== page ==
City Hall produces first register of public land in London

26 January 2016

The first ever comprehensive register of public land in London, revealing 40,000 sites across the capital including the capacity to deliver a minimum of 130,000 homes, has been published by the London Land Commission.

The Commission, chaired by the Mayor of London Boris Johnson and Housing and Planning Minister Brandon Lewis, appointed Savills in July last year to compile the preliminary stages of a so-called ‘Domesday Book’ of all brownfield land owned by public bodies in London.

The register is now available in the form of an interactive map on City Hall’s website, detailing the locations of land owned by the Mayor of London, Government departments, London boroughs, Transport for London and the NHS. There are sites across every London borough, ranging from tiny parcels of land capable of building a small number of homes to larger sites, which could accommodate hundreds of new homes for Londoners. City Hall has already identified there could be a minimum of 130,000 homes built for Londoners on public sites potentially surplus, a volume of homes which will continue to grow. The register also includes details of the existing use of each site, including whether they are office, residential, transport or industrial.

It is the first time such a wide-ranging set of data has been compiled for the capital and will now be analysed by City Hall to further unlock and accelerate the release of surplus land for much-needed housing.

The Commission is working with the land owners on the register to determine availability and to encourage the marketing of public land to obtain the best possible housing development for Londoners, rather than selling with no obligations. It will also identify areas to group together potential plots of surplus land to yield a more significant number of homes and to create better regeneration sites across London.

It builds upon work already started by the Mayor in disposing of his own land holdings for development. He has completed a manifesto pledge in releasing all developable land in his ownership and City Hall will look at opportunities to purchase land and regenerate further sites across the capital.

The Mayor of London, Boris Johnson MP, said: “There is an urgent need in London for more homes for our ever growing population and for far too long, land owned by public bodies has lain dormant or sold off with no benefit to the capital. That simply must not be allowed to happen and we must build on the work done at City Hall in releasing land for development.

“The Commission will be absolutely vital in co-ordinating all public bodies to ensure we squeeze every drop of developable land possible to build the homes we need for hard-working Londoners.”

Housing Minister Brandon Lewis said: “We’ve got the capital building again with 158,000 new homes delivered since the end of 2009. This register will allow us go even further, providing a valuable tool for developers to get on and build the homes hard-working Londoners want and need.”

Mayor Sir Steve Bullock, London Councils’ Executive member for housing, said: “Publishing the register, which London boroughs have contributed towards, is a good starting point that will allow public sector organisations in the capital to take a more strategic approach to the use of their land, especially where adjacent sites are owned by different public landowners.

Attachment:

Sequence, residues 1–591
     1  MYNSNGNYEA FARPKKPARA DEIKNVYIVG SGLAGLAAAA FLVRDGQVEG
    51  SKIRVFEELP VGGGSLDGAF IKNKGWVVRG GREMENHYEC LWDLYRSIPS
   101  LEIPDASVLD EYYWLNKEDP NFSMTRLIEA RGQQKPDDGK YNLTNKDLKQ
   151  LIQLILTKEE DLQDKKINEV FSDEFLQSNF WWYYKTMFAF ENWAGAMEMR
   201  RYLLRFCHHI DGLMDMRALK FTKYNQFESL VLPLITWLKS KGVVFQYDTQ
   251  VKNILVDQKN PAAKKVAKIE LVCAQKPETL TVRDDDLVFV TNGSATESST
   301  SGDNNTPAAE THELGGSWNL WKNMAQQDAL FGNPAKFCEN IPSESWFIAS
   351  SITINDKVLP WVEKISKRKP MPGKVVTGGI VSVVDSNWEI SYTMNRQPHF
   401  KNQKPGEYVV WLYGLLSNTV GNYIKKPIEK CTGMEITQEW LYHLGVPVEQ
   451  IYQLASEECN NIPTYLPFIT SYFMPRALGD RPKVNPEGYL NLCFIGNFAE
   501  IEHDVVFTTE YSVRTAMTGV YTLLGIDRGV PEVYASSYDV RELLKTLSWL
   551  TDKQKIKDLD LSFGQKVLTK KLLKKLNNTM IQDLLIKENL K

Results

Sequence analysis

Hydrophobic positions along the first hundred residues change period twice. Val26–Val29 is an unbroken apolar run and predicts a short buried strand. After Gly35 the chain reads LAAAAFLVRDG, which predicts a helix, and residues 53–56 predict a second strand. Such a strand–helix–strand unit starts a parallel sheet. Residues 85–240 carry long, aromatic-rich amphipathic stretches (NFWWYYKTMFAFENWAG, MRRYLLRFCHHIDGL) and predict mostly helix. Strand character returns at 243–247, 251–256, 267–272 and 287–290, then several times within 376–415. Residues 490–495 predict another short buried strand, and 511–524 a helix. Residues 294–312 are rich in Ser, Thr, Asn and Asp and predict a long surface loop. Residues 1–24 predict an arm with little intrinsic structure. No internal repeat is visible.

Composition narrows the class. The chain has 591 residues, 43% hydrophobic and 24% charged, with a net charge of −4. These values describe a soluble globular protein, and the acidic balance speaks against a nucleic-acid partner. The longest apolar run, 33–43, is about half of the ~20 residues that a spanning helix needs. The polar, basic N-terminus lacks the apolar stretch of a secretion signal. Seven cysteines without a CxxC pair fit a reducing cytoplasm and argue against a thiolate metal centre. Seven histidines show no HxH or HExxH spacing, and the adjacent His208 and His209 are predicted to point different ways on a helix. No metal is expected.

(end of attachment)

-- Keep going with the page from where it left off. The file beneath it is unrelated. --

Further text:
“Working together and using land more creatively is vital in order to help tackle the housing crisis and deliver an increase in affordable homes for Londoners.”

The register has also been praised by developers in London who have already begun using it and found it a useful tool to identify the scale of public land available and to plan ahead in order to maximise its use for housing.

John Stewart, Director of Economic Affairs at the House Builders Federation, said: “There is an acute need for much higher levels of home building in London, and this can only be addressed if sufficient land is made available for development. The public land register is a valuable first step and will be welcomed by house builders in London. The next step must be to translate these sites into real-life development opportunities which will boost housing supply in the capital, providing huge social and economic benefits to Londoners.”

The London Land Commission Register can be found here:


Notes to editors

Chaired by the Mayor and the Housing Minister, the Commission is led by the Greater London Authority. Meetings are held quarterly and attendees include NHS England, the Department of Health, Network Rail, the Department of Communities and Local Government, Transport for London, Network Rail and London Councils. The Greater London Authority will utilise the new powers given to it in the Infrastructure Act 2015 to spearhead the Commission’s efforts. The Commission has been awarded £1million in initial funding by government.


In compiling the land register, public bodies were asked to provide data on all their landholdings, including surplus assets. The compiled list totals 40,000 records of a mixture of sites in public ownership with a range of uses, including education, health and housing.



The Mayor has released all of his developable land, which is:


- 414 hectares of land

- 50,000 new homes to house 125,000 Londoners

- 7 million sq mtrs of new workspace to create 60,000 new jobs

- 14 schools for 9,000 students

- 100,000 construction jobs

- 11 new green parks covering 44 hectares

Share this page